Everything was looking good. The baby was developing normally, Hope was feeling as good as expected, and the pair were excited about their future. Dalton was even able to convince the recruiter to postpone his start date a bit so he wouldn’t miss the baby’s birth.
On a warm and sunny day in August 2017, their son, Malachi, entered the world. All was right. All was well.
Until it wasn’t.
“At nine days old, we noticed Malachi making a weird arm movement,” Hope told us. “I just had a feeling it was something…else.”
That jerking motion turned into seizures, and while Hope was struggling to understand what was happening to her baby, Dalton had to leave for basic training.
“It was horrible, but we didn’t have a choice,” he said. “I had to go.”
Dalton and Malachi were both starting a different journey and neither knew what awaited them.
For the next few weeks - then months - Malachi continued to decline. By the time he was three months old, he was having hundreds of seizures daily, and failed many seizure medications. That was really unusual for seizure treatment and a red flag to the medical team. Nothing was working.
Doctors told Hope that Malachi was having focal seizures, infantile spasms, and subclinical seizures. He lost all developmental progress and any developmental milestones he had gained, and could no longer suck a bottle (“I had to feed him formula with a syringe just to keep him nourished,” Hope told us).
All the while, she’s completely alone. All the while, Dalton is in the midst of training and almost completely in the dark on his son’s condition.
“Everyone else was getting letters that were funny or entertaining,” he said. “And the letters I got from Hope told me that Malachi was declining.”
“I realized pretty quickly that I couldn’t keep working with our son’s medical needs - we were going to lose my income,” Hope told us. So she did what she had to do. She quit her job, sold their home, and moved in with her parents while Dalton was gone.
But still, while life continued dealing them an unfair hand, these three wouldn’t quit. They fought to keep going, to keep moving forward.
For the first year of Malachi’s life, he was in the hospital every single month. 12 months. 12 hospital stays. But like Dalton told us, “We’re the perfect people for the job. We won’t quit. We won’t accept failure. We’ll do whatever it takes for our son.”
(The night after Dalton completed his basic training, he was sleeping on the floor of the ER. That should give a glimpse into what they were shouldering as a family.)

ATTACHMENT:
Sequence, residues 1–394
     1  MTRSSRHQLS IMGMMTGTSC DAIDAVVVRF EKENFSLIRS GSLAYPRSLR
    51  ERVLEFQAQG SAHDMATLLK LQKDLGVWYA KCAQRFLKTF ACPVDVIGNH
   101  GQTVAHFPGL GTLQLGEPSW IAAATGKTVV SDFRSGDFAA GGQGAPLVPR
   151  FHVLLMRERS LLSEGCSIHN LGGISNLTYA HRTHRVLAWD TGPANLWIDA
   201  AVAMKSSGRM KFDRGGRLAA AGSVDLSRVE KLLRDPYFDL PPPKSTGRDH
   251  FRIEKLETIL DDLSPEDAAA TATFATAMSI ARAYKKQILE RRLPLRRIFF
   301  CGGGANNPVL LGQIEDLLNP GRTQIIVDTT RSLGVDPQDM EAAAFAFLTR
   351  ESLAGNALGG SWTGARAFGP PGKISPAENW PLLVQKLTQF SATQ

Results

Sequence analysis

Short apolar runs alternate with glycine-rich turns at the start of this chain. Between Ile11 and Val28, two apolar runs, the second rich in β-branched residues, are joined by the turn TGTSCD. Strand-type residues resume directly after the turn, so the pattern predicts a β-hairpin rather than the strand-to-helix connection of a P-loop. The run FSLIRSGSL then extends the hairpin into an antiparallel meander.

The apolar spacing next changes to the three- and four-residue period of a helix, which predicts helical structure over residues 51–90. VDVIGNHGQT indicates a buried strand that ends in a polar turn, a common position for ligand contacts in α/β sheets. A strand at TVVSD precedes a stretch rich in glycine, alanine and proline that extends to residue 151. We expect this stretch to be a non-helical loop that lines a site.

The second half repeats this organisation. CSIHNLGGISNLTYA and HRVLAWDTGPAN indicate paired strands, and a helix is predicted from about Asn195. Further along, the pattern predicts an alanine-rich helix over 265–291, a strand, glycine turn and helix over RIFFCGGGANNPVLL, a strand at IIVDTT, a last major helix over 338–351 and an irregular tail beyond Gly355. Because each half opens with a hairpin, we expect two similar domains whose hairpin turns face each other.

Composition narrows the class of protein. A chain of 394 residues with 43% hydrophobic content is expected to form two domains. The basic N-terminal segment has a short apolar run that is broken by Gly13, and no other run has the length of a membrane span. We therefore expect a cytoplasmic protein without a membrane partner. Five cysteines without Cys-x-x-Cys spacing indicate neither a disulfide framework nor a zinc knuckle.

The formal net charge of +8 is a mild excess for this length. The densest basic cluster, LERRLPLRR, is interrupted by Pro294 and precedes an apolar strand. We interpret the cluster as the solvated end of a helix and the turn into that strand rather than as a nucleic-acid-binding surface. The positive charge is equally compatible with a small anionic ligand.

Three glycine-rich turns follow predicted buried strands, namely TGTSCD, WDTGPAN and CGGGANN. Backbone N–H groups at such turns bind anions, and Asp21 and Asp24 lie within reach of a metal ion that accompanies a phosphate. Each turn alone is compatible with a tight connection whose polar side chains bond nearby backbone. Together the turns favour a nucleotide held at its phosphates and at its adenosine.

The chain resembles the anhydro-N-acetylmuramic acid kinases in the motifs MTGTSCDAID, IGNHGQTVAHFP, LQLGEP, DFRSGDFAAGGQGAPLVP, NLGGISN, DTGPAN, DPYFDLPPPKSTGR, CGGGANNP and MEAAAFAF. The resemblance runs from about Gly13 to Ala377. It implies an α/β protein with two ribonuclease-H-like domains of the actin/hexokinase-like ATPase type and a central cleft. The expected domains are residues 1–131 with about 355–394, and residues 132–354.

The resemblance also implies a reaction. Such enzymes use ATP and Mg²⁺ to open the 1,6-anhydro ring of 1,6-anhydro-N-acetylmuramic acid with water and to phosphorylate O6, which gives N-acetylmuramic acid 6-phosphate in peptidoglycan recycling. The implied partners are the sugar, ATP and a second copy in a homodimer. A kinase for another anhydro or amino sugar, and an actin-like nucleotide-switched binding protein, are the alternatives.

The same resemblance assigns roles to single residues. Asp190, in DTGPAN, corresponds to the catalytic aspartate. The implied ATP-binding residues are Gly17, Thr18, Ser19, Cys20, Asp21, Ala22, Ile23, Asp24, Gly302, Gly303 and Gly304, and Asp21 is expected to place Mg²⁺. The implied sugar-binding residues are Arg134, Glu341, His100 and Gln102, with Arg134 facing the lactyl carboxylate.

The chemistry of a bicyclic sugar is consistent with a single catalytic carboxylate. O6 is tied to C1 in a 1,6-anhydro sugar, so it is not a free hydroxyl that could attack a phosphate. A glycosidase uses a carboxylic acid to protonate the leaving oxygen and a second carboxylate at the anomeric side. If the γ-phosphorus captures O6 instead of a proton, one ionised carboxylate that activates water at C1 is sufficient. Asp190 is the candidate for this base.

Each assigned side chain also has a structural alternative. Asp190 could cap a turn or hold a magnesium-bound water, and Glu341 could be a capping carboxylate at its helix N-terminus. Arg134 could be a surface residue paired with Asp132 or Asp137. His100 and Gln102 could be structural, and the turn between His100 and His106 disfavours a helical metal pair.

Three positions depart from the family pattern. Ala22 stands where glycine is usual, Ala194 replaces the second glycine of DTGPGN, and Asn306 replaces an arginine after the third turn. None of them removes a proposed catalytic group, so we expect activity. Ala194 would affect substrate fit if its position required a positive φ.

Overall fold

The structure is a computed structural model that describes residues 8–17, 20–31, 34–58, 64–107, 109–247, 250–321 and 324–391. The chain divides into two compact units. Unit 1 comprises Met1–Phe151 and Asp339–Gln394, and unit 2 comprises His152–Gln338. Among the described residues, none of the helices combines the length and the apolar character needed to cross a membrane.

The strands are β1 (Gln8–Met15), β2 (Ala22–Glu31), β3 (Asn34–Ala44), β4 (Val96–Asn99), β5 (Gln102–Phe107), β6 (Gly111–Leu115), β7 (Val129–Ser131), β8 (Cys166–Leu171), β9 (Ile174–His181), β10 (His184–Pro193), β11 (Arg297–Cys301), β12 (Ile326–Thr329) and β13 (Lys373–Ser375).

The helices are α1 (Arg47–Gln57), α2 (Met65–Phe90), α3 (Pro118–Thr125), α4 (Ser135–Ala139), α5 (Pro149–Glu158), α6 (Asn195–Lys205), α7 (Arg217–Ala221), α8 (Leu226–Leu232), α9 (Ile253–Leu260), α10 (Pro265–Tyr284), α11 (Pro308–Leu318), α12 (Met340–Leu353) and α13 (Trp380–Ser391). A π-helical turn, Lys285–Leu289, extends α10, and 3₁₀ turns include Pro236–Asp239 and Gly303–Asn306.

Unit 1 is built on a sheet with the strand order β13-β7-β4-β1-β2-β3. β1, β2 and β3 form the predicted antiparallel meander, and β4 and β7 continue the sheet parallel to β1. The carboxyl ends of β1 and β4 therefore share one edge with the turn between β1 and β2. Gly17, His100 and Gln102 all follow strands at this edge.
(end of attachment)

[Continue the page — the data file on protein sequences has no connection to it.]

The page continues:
Dalton and Hope were thankful to get their top choice for a duty station: the Houston/Galveston area and the next-level care they needed for Malachi at Texas Children’s Hospital. This was another serendipitous moment for their family.
Malachi would eventually be diagnosed with a rare genetic condition called STXBP1. At the time, he was one of about 400 known cases in the world - the first of which had been diagnosed just 10 years earlier…at Texas Children’s Hospital.
There’s a wide range on the spectrum of diagnosees. More than 80% have seizures and all of them are resistant to anti-seizure medication. All are non-verbal and 100% dependent on their caregivers.
But while the world has been unforgiving, while Malachi faces unimaginable challenges, he’s a fighter. He doesn’t quit.
“He’s the purest form of joy you’ll ever see,” Dalton told us, his voice cracking. “The world is not designed for him, but he always finds something to smile about.”
One thing that brings a smile to his face pretty consistently is his cape from TinySuperheroes, a non-profit organization that sends monogrammed capes to kids along with monthly “missions.” So one month, Malachi sent a note of encouragement to someone in the mail, completing his mission and getting a patch for his cape. Malachi wears his cape everywhere…as he should.
(And by the way, Dalton took it a step further and created a group for other dads of kids with special needs).
It’s been a lot for this family, but they don’t just sit back and feel bad about it. They’re always looking for ways to support their son. “My own dad always told us, ‘Life is all about effort. And when you really care about something, it causes movement.’” And man, do they care about Malachi.
While he won’t turn five until August, Malachi is, well…huge. He weighs almost 50lbs. “Lifting him is awful,” Hope laughed. They have reliable transportation for him, but they couldn’t keep safely lifting him into the vehicle. Especially because Dalton is gone for long hours and most of that work falls on Hope.
So Chive Charities and our donors stepped in to cover the full cost of a car seat lift for $11,994.
Malachi also loves spending time outside and being in the sunshine, so we turned to our donor family again and asked for their help in funding an adaptive swing set ($2,376) and special needs seat/toy for Malachi called a p-pod ($1,314). The grand total for everything Malachi needed was $15,685.
And we’re sure the kid who always finds something to smile about will be spending even more time grinning from ear-to-ear thanks to you and your support.
The world is unforgiving. That’s felt even more relevant this year and in the lives of some of the incredible recipients we’ve introduced you to since January. First Kinley, then Liam, Riley, and Simon, another amazing fighter that John Resig introduced this week.
We’ve seen a lot already in just a few months. But like them, we’re fighters, too. If the world still isn’t designed for them, we’ll try to give them aspects of a world that is. And by continually supporting those who need it most when they need it most, we’ll never lose. Join the fight and DONATE HERE.